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Star Trek Discovery: The Examples

'You don't know me.'
'No, but I know anger. It's a wonderfully productive emotion.'

By nature I love brevity: A tight, solid episode. Some sure direction, a good script, and some excellent guest stars carry 'The Examples' to success.

One of my favorite episodes of the early seasons of Star Trek: Deep Space Nine is called 'Progress.' In it, Major Kira beams down to one of Bajor's moons to evacuate the last remaining inhabitant so that the moon can be tapped for its resources. There she finds Mullibok, a stubborn old man that absolutely refuses to leave his home, even if it means he dies when the drilling starts. Kira is faced with a decision – does she let the man stay and die, or does she save his life against his will? One of the best things about the episode is that the episode lets her make the decision, but refuses to tell the audience whether what she did was right or wrong. That conclusion is left to each viewer. I thought a lot about 'Progress' while I was watching 'The Examples.'

Star Trek is well-known for tackling tough and complex moral questions. While Discovery has certainly tried to do this sort of thing, especially in the first season with Lorca and his dark experiments, the sort of difficult moral wrestling we used to see all the time, especially on TNG and DS9, has remained elusive. Here, the show doesn't quite capture the fascinating moral confusion of DS9's 'Progress' or VOY's 'Tuvix,' or the compelling moral conviction of TNG's 'The Measure of a Man' or 'The First Duty.' But darn it, it does its best, and for the first time in Discovery's history, I feel the classic Trek push and pull of a strong moral compass pitted against a complex conundrum.

I'm referring, of course, to Burnham and Book's scenes with the Examples in the prison. Given all the political hurdles we've seen Burnham tackle in the past few episodes, we can see her run through in her mind just how upset her superiors would be if she helped these people against the will of the Radvek Magistrate. This is the advantage of serialized storytelling, put to great use – she doesn't have to say this is what's going through her head or make reference to it. Because we've seen the context of what has been happening to her in the last few weeks, we can figure out what she's thinking and what's driving her.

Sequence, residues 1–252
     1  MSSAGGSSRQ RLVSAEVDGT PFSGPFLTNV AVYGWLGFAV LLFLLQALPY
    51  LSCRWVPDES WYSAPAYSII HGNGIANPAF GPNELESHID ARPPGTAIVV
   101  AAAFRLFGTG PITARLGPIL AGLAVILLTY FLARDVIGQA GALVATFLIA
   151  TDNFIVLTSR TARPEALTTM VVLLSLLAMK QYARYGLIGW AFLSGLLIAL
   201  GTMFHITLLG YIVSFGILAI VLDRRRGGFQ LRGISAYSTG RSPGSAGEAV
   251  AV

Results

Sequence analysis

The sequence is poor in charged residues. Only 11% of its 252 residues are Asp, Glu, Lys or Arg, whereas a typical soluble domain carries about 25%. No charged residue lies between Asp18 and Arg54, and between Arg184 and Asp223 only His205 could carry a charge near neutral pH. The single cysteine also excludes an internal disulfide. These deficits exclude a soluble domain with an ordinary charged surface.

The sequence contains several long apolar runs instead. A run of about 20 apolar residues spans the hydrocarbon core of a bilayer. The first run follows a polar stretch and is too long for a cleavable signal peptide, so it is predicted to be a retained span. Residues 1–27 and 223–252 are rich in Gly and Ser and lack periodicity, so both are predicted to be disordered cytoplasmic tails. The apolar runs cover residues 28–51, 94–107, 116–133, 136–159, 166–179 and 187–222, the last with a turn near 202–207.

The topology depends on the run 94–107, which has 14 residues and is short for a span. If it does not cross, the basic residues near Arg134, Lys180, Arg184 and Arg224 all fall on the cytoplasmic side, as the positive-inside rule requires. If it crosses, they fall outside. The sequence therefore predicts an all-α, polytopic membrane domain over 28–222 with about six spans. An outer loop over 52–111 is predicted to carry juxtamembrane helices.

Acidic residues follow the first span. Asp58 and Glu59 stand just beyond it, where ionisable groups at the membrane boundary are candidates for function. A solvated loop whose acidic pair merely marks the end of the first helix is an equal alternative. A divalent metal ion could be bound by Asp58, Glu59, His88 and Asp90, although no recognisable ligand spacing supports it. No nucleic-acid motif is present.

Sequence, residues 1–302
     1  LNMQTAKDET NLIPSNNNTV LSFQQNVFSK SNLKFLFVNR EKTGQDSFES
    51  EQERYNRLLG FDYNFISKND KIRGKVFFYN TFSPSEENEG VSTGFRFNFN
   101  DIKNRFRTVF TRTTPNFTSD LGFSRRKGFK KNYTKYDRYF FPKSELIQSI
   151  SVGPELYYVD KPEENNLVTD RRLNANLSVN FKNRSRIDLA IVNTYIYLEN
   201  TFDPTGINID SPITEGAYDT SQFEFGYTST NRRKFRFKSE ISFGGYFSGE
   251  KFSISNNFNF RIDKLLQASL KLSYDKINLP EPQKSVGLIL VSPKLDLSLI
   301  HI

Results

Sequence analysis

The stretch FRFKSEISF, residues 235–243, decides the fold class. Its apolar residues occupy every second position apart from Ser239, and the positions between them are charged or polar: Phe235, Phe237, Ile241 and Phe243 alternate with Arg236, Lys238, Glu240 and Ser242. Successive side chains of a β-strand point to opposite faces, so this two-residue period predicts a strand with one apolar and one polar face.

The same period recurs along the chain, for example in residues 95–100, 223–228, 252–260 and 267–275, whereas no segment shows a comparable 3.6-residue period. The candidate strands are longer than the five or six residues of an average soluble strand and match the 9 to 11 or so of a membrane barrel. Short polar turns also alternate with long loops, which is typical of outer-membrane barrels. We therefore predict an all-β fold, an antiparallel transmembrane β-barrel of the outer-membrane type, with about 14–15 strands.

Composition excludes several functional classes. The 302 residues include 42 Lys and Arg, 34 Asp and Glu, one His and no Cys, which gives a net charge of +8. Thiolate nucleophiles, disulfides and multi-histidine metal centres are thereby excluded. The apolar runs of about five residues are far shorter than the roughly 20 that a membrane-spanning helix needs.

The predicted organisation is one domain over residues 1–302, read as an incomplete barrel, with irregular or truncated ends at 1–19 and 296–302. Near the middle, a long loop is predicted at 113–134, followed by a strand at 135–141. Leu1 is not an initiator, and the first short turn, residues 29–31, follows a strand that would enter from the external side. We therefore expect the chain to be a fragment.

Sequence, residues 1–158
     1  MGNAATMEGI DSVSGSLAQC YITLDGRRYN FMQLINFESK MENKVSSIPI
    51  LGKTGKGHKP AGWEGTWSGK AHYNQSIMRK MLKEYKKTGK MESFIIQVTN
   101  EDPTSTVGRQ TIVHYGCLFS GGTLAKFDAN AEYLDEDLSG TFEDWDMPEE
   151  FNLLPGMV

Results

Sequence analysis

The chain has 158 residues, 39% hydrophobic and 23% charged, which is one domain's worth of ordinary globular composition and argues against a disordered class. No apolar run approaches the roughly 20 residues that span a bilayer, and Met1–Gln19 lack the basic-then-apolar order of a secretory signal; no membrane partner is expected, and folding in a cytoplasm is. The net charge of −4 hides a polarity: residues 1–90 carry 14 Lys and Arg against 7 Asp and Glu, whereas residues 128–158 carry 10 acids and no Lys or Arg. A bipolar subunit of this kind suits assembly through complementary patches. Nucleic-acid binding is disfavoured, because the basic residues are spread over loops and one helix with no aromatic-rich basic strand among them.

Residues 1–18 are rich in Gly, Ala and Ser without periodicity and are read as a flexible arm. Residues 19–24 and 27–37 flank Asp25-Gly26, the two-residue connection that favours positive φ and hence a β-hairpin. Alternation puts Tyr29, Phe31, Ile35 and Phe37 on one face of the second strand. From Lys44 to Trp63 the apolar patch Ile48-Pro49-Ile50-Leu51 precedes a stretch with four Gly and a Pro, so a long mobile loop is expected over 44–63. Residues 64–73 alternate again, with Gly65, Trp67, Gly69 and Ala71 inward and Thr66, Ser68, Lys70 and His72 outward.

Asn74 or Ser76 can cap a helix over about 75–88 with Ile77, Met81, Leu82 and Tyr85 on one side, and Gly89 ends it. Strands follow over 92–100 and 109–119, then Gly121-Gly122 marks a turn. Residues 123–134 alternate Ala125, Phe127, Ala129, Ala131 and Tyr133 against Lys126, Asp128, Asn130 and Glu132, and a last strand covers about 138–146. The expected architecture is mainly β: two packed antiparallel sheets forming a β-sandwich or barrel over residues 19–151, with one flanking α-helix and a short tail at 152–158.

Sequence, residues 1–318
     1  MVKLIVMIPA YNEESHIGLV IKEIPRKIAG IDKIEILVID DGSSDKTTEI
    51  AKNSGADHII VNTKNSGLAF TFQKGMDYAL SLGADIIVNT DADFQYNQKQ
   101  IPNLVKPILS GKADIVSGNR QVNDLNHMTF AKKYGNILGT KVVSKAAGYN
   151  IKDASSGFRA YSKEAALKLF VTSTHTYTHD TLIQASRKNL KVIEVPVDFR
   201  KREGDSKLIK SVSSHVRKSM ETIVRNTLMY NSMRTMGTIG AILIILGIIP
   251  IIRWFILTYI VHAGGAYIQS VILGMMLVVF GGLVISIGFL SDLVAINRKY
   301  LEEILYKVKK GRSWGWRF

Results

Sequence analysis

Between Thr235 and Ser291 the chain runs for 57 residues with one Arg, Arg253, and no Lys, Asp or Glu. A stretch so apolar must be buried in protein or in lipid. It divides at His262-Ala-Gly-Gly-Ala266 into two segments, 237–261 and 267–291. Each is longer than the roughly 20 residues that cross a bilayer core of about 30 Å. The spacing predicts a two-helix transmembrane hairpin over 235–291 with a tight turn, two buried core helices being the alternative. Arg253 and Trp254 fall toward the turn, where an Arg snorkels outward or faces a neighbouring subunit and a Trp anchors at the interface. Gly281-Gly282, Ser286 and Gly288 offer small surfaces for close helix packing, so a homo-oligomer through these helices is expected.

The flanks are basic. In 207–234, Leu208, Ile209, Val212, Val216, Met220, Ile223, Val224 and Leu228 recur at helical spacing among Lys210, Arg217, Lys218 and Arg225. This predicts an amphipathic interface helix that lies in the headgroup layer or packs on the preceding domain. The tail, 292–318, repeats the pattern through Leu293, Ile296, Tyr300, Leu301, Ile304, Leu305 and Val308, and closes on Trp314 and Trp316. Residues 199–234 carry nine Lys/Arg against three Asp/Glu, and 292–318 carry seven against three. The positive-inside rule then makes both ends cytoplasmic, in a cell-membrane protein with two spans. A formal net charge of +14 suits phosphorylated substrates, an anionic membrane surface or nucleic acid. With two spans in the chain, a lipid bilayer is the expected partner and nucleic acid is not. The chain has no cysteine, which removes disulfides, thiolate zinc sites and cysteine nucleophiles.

I liked Felix, one of the first guests in a while that has truly felt like a complex person. Props to Michael Greyeyes for crafting that character. And I really liked that Burnham and Book weren't on the same page when it came to Felix' decision. Whenever the crew on Discovery disagrees, it tends to be that one of them is right and the other one is wrong. I like it when it's not so cut-and-dry, so the audience can side with one or the other. Here you could make an argument for forcing Felix to come along, and you could make an argument for leaving him there. We have characters that we like on both sides. It feels like a real situation, and it lets you think about what you would do when faced with that choice. More of this kind of thing, please.

Our other chief storyline this episode revolved around new character Ruon Tarka (Shawn Doyle), a brilliant Risian scientist that's been working on some of the Federation's most bleeding-edge projects. Tarka looks like he may be around for quite some time, and judging by the refreshing way Doyle interacts with the rest of the cast, that may well be a good thing. He's never paired one-on-one with Stamets, which tends to be a positive; Anthony Rapp often needs more than one scene partner to carry some of the weight of the material, and Doug Jones is always up to the task. Some skillful direction by Lee Rose allows them to pair up a remotely filmed Tig Notaro with these scenes almost seamlessly. You might not guess without outside information that Notaro was on set at a completely different time from everyone else in the scene, and that's a credit to everyone involved. I also really, really liked Doyle's episode-capping tense interaction with Book. In a few short minutes, Doyle and Ajala built an intense, confrontational chemistry electric enough to fuel this storyline through the rest of the season.